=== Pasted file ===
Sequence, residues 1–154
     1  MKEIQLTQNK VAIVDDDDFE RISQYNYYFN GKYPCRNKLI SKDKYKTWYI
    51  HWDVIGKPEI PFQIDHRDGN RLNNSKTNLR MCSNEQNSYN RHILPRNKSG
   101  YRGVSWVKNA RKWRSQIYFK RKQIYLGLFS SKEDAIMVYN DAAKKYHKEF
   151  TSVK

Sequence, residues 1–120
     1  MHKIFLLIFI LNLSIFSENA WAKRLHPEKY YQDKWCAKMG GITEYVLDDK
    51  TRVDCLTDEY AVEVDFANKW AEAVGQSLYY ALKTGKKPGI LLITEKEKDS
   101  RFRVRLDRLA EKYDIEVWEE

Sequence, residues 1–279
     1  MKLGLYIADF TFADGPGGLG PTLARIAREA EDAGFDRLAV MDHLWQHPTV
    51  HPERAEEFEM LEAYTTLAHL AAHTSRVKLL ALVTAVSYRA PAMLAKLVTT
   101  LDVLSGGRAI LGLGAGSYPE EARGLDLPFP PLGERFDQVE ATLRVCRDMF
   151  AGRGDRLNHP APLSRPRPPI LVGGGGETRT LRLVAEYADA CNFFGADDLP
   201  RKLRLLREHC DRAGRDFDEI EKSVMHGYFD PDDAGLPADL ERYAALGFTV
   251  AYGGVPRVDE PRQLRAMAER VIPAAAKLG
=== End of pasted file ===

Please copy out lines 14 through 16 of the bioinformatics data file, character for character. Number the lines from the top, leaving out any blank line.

   151  AGRGDRLNHP APLSRPRPPI LVGGGGETRT LRLVAEYADA CNFFGADDLP
   201  RKLRLLREHC DRAGRDFDEI EKSVMHGYFD PDDAGLPADL ERYAALGFTV
   251  AYGGVPRVDE PRQLRAMAER VIPAAAKLG